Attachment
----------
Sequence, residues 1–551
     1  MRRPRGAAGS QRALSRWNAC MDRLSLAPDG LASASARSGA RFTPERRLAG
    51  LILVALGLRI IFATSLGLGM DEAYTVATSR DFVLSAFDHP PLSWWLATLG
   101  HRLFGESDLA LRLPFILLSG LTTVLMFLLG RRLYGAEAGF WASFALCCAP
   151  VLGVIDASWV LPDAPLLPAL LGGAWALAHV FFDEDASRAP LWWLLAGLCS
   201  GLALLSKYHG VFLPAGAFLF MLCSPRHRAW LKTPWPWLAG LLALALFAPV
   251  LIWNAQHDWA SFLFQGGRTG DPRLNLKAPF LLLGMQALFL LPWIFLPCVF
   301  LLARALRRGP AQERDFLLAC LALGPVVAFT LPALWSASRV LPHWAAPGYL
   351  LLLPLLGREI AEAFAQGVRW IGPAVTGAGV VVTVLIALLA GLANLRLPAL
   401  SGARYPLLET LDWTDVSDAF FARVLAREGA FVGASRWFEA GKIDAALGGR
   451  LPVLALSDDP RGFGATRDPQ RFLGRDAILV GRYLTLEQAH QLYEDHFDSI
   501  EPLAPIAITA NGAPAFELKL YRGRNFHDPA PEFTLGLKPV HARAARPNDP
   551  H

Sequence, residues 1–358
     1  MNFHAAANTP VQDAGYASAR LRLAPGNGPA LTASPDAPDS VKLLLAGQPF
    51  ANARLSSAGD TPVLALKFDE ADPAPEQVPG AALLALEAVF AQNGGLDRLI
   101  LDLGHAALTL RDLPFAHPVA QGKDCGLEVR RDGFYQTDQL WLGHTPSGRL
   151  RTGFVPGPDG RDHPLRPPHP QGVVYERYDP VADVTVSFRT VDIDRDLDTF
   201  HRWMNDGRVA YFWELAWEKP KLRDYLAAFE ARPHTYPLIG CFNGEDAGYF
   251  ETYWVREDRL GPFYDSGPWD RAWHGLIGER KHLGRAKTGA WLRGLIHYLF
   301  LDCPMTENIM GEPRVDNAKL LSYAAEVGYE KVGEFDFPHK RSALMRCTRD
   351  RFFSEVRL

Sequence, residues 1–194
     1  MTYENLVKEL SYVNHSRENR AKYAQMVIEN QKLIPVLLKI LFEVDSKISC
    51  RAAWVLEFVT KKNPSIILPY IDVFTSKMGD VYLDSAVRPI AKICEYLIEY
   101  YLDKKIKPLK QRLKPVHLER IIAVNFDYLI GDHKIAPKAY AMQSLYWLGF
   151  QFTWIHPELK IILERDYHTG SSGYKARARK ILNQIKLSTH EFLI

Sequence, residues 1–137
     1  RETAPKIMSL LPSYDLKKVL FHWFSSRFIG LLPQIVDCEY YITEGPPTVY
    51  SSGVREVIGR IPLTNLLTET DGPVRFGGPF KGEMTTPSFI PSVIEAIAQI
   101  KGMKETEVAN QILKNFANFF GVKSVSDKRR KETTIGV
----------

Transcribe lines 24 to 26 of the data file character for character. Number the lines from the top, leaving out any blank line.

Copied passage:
     1  MTYENLVKEL SYVNHSRENR AKYAQMVIEN QKLIPVLLKI LFEVDSKISC
    51  RAAWVLEFVT KKNPSIILPY IDVFTSKMGD VYLDSAVRPI AKICEYLIEY
   101  YLDKKIKPLK QRLKPVHLER IIAVNFDYLI GDHKIAPKAY AMQSLYWLGF